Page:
The religious Houses of the Hospitallers, despoiled by Henry the Eighth’s worthy daughter, Elizabeth, because they would not take the oath to maintain her supremacy, had been Alms-houses, and Dispensaries, and Foundling-asyla, relieving the State of many orphan and outcast children, and ministering to their necessities, God’s ravens in the wilderness, bread and flesh in the morning, bread and flesh in the evening. They had been Inns to the wayfaring man, who heard from afar the sound of the Vesper-bell, inviting him to repose and devotion at once, and who might sing his matins with the Morning Star, and go on his way rejoicing. And the Knights were no less distinguished by bravery in battle, than by tenderness and zeal in their ministrations to the sick and dying.
The Knights of St. Andrew vowed to defend all orphans, maidens, and widows of good family, and wherever they heard of murderers, robbers, or masterful thieves who oppressed the people, to bring them to the laws, to the best of their power.
“If fortune fail you,” so ran the vows of Rouge-Croix, “in divers lands or countries wherever you go or ride that you find any gentleman of name and arms, which hath lost goods, in worship and Knighthood, in the King’s service, or in any other place of worship, and is fallen into poverty, you shall aid, and support, and succor him, in that you may; and he ask of you your goods to his sustenance, you shall give him part of such goods as God hath sent you to your power, and as you may bear.”
Thus CHARITY and GENEROSITY are even more essential qualities of a true and gentle Knight, and have been so in all ages; and so also hath CLEMENCY. It is a mark of a noble nature to spare the conquered. Valor is then best tempered, when it can turn out a stern fortitude into the mild strains of pity, which never shines more brightly than when she is clad in steel. A martial man, compassionate, shall conquer both in peace and war; and by a twofold way, get victory with honor. The most famed men in the world have had in them both courage and compassion. An enemy reconciled hath a greater value than the long train of captives of a Roman triumph.
VIRTUE, TRUTH, and HONOR are the three MOST essential qualities of a Knight of St. Andrew. “Ye shall love God above all things, and be steadfast in the Faith,” it was said to the Knights, in their charge, “and ye shall be true unto your Sovereign Lord, and true to your word and promise. Also, ye shall sit in no place where that any judgment should be given wrongfully against any body, to your knowledge.”
The law hath not power to strike the virtuous, nor can fortune subvert the wise. Virtue and Wisdom, only, perfect and defend man. Virtue’s garment is a sanctuary so sacred, that even Princes dare not strike the man that is thus robed. It is the livery of the King of Heaven. It protects us when we are unarmed; and is an armor that we cannot lose, unless we be false to ourselves. It is the tenure by which we hold of Heaven, without which we are but outlaws, that cannot claim protection. Nor is there wisdom without virtue, but only a cunning way of procuring our own undoing.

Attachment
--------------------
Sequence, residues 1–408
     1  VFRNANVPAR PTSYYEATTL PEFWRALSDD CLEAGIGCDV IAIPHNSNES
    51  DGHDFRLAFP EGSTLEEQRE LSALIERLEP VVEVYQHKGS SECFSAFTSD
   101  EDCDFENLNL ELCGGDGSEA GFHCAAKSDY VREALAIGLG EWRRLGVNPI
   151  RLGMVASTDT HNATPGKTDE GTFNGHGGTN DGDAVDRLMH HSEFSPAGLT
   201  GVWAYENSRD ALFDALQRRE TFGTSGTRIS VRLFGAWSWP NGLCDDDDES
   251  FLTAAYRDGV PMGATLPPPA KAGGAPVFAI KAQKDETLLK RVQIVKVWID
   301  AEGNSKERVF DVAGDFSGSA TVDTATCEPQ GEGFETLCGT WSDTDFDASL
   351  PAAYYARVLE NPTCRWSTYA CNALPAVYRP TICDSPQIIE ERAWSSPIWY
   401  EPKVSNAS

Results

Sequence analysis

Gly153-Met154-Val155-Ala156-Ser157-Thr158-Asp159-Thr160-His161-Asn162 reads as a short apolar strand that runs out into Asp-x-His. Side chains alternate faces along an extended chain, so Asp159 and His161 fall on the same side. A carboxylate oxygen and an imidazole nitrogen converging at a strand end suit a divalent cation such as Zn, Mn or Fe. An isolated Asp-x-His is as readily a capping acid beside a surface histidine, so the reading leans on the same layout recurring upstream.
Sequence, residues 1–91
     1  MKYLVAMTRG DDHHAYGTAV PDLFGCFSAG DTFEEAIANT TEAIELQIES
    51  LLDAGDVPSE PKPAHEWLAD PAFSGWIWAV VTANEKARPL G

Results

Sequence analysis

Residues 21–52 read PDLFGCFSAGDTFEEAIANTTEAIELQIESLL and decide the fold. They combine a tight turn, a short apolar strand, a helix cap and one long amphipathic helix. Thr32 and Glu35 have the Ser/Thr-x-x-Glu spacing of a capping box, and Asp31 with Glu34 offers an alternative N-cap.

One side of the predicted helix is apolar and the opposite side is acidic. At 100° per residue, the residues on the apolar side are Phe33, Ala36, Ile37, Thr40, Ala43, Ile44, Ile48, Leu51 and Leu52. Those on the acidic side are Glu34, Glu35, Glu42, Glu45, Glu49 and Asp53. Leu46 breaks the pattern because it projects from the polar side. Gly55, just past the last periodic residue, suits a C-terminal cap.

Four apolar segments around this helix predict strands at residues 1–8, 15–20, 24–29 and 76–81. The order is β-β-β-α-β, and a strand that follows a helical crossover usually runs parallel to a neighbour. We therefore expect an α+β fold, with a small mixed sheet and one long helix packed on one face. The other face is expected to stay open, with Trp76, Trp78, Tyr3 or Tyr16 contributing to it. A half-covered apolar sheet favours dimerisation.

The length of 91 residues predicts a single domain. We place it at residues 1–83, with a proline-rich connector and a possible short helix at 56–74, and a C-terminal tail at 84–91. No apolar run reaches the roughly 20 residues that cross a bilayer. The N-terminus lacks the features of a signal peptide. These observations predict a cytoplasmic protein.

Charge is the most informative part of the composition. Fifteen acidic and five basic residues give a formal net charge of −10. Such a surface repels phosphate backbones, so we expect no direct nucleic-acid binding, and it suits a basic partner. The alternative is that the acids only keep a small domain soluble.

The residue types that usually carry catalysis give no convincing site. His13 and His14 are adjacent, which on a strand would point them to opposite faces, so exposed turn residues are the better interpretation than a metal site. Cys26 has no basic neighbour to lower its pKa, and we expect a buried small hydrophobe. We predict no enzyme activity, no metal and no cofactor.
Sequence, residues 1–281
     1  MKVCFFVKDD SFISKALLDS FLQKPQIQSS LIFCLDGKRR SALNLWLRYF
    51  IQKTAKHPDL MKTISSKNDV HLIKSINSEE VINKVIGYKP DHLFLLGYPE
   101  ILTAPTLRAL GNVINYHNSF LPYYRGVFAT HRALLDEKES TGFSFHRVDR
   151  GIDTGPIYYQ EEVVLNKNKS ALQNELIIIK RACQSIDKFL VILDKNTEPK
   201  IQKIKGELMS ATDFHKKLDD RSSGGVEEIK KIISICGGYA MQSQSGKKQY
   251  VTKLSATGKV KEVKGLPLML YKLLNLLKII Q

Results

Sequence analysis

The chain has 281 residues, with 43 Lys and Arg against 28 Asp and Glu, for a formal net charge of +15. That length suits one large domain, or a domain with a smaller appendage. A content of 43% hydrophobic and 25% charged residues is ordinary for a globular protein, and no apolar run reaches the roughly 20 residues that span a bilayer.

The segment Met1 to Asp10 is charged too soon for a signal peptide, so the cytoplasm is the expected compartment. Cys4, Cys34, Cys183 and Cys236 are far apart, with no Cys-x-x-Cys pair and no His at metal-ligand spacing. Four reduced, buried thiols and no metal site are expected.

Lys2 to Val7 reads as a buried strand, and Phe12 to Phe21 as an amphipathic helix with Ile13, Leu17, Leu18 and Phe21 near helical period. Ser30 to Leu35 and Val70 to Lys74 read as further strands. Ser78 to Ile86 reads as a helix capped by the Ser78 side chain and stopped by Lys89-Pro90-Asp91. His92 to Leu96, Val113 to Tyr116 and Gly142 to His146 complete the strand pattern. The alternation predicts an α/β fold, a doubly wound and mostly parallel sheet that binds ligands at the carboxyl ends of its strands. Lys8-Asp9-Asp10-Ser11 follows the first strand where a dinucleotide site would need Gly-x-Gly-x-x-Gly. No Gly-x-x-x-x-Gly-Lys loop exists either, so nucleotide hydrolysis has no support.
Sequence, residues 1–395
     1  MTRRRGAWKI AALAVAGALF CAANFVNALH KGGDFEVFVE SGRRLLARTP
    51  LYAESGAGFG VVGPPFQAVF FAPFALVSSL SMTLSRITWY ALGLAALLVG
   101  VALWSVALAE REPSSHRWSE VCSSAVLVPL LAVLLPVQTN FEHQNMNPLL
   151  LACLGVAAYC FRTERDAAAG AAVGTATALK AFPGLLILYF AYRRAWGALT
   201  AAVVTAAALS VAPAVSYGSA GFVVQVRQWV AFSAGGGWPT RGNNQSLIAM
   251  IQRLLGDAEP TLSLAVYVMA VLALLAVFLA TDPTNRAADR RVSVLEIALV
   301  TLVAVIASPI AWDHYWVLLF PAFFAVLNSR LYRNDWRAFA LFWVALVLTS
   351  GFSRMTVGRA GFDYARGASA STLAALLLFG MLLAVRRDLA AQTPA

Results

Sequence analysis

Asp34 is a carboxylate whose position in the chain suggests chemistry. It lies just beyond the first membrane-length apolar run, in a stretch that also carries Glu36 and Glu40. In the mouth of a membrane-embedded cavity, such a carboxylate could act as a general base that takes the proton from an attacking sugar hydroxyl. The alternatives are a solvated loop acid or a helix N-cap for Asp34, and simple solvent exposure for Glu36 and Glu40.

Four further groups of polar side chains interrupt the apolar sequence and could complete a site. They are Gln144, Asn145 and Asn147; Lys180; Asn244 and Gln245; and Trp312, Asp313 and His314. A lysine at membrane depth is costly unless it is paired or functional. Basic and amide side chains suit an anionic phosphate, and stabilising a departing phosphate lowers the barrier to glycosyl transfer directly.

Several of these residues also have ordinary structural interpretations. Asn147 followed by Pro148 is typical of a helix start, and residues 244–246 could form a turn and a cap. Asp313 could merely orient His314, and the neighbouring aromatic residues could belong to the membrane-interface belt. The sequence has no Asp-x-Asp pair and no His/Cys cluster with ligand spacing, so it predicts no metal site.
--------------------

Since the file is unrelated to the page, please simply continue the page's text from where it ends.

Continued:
Peace is nigh
Where Wisdom’s voice has found a listening heart.
Amid the howl of more than winter storms,
The halcyon hears the voice of vernal hours,
Already on the wing.
Sir Launcelot thought no chivalry equal to that of Virtue. This word means not continence only, but chiefly manliness, and so includes what in the old English was called souffrance, that patient endurance which is like the emerald, ever green and flowering; and also that other virtue, droicture, uprightness, a virtue so strong and so puissant, that by means of it all earthly things almost attain to be unchangeable. Even our swords are formed to remind us of the Cross, and you and any other of us may live to show how much men bear and do not die; for this world is a place of sorrow and tears, of great evils and a constant calamity, and if we would win true honor in it, we must permit no virtue of a Knight to become unfamiliar to us, as men’s friends, coldly entreated and not greatly valued, become mere ordinary acquaintances.
We must not view with impatience or anger those who injure us; for it is very inconsistent with philosophy, and particularly with the Divine Wisdom that should govern every Prince Adept, to betray any great concern about the evils which the world, which the vulgar, whether in robes or tatters, can inflict upon the brave. The favor of God and the love of our Brethren rest upon a basis which the strength of malice cannot overthrow; and with these and a generous temper and noble equanimity, we have everything. To be consistent with our professions as Masons, to retain the dignity of our nature, the consciousness of our own honor, the spirit of the high chivalry that is our boast, we must disdain the evils that are only material and bodily, and therefore can be no bigger than a blow or a cozenage, than a wound or a dream (Albert Pike, Morals and Dogma, 1871, p. 801-804).
Also, if you enjoyed this blog, you might want to take a look at my other blogs, Masonry and the Three Little Pigs and Gnosismasonry, which have a variety of other Masonic topics to discover. Moreover, to get regular updates from this blog, please follow me on Facebook or Twitter. I will accept your friend request if asked.
Next Month’s Article on Gnosismasonry